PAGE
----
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What Happens If I Can’t Pay My Student Loans? » Student Loan Debt » What Happens If I Can’t Pay My Student Loans?



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Don’t expect student loan issuers to be lenient about missed payments just because the majority of their borrowers are young (and broke). The penalties for failing to pay back educational loans can be harsh. Both private and public student loan lenders have the ability to garnish wages and tax refunds, and missing student loan payments could also easily ruin a person’s credit, making it near-impossible to buy a new vehicle, buy a home, or open a new credit card to help manage day-to-day expenses.

But exactly what happens when you can’t pay student loans? We break down the timeline of when missing student loan payments become a serious problem along with all of the possible repercussions and, most importantly, 7 solutions if you can’t pay your student loans.

What to expect when you can’t pay student loans off

If you can’t pay student loans according to the set payment schedule, you risk heading for default. But there are quite a few things that happen before things get to that point and if you can stop the situation in time, you could save yourself from harsh debt collection efforts.

A day or two after a missed payment

The first time you miss a student loan payment, your loan may be subject to late fees and penalties (which should be outlined in your original loan agreement). If you’ve never had any issues with payments prior to this instance, your loan provider may be willing to waive these penalties as a one-time forgiveness. It won’t hurt your credit score to do so, so it’s always worth calling to inquire about. If you can make the payment shortly after the missed due date, you likely won’t find a late payment notice on your credit history either.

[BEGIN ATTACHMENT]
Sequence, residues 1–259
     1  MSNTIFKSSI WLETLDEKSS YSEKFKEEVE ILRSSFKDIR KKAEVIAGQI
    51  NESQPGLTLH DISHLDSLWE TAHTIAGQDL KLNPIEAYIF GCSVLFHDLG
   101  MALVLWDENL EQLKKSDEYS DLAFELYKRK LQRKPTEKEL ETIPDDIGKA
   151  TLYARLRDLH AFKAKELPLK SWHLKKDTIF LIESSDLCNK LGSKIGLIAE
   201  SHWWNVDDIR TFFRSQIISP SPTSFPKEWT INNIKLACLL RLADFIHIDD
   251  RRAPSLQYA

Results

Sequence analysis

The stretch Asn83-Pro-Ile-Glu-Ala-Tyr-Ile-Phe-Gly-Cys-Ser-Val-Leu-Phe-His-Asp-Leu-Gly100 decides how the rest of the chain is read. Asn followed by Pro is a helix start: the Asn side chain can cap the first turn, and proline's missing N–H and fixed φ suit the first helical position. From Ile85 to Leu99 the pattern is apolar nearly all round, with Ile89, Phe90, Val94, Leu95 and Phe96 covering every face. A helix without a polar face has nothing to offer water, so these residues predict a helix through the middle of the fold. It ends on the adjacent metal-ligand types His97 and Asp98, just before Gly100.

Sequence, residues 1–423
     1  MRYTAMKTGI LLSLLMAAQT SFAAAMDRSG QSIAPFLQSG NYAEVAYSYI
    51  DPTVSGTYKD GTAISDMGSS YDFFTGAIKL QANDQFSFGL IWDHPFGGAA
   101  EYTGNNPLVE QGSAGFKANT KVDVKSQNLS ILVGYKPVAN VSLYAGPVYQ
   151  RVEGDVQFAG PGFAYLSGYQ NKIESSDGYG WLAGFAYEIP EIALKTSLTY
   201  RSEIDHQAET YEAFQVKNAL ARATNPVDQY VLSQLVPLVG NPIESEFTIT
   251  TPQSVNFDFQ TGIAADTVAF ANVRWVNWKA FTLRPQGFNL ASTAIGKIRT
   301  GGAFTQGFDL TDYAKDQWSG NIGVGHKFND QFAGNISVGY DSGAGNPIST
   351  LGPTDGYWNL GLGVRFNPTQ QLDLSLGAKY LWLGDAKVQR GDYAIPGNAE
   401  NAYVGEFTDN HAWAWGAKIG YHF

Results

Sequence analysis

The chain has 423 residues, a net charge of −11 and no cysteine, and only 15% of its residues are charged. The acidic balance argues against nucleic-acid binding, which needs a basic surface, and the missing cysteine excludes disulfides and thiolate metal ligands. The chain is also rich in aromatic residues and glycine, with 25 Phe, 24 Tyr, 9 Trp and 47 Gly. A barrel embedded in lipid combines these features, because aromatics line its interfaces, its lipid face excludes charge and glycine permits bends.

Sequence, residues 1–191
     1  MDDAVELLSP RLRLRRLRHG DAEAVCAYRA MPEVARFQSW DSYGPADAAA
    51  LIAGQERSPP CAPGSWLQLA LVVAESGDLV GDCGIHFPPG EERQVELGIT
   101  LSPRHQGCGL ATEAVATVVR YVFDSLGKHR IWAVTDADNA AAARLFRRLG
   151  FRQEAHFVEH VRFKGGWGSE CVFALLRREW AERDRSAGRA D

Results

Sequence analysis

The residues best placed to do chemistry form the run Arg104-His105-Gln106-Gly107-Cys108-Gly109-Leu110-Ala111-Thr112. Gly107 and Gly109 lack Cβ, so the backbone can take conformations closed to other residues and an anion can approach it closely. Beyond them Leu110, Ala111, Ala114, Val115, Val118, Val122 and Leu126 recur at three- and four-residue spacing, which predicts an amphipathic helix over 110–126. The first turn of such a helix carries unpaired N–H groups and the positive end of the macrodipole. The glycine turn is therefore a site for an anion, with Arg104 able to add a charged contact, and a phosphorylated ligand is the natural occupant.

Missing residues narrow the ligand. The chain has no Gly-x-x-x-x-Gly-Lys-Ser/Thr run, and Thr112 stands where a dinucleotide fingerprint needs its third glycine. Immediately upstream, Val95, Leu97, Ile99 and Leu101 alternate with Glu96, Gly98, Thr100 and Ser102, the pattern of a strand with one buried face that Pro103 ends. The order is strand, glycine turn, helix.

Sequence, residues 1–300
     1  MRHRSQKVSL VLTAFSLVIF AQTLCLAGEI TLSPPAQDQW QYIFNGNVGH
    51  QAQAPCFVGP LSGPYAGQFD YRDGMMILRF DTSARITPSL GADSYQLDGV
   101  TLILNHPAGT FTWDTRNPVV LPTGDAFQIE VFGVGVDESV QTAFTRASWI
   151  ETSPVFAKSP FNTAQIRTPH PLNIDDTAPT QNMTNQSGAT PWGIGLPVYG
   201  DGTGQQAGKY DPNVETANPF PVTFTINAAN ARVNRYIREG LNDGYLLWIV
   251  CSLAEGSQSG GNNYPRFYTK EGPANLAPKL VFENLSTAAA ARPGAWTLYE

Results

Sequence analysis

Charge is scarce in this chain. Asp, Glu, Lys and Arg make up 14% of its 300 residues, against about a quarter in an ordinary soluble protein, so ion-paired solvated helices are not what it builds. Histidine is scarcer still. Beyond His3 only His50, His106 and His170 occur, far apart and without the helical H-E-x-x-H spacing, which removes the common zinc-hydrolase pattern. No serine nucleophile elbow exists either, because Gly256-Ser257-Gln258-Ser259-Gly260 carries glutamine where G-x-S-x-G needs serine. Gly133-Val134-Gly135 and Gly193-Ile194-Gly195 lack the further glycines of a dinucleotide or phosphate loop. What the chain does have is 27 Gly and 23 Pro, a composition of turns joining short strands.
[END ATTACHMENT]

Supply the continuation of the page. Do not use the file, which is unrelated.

30 days after a missed payment

After 30 days of nonpayment student loans become delinquent, a status that may be subject to additional fees and penalty charges as outlined in your original loan agreement. These missed payments are also reported to the credit bureaus and will appear on your credit report shortly after. This will significantly impact your credit score. Missed payments will continue to be reported at 60, 90, and 120-day intervals as well, and each one can continue to hurt your score.

As for the loan itself, it will continue to accrue interest. If you’re not making payments, expect your balance to be higher once you have the means to start paying it again.

9 months after a missed payment

After 270 days, the equivalent of 9 months without a payment, overdue loans move to default status. When this happens, you may find yourself barraged by phone calls and letters from your lender trying to get their money back. You could potentially find yourself in legal trouble, sued by the lender, and taken to court.

At this point, the lender may decide to write your loan off as a loss and sell it to a collection agency, an act commonly referred to as going to collections. Interest charges and fees can still apply at this stage as well. It’s entirely legal for a collection agency to keep adding to what you owe.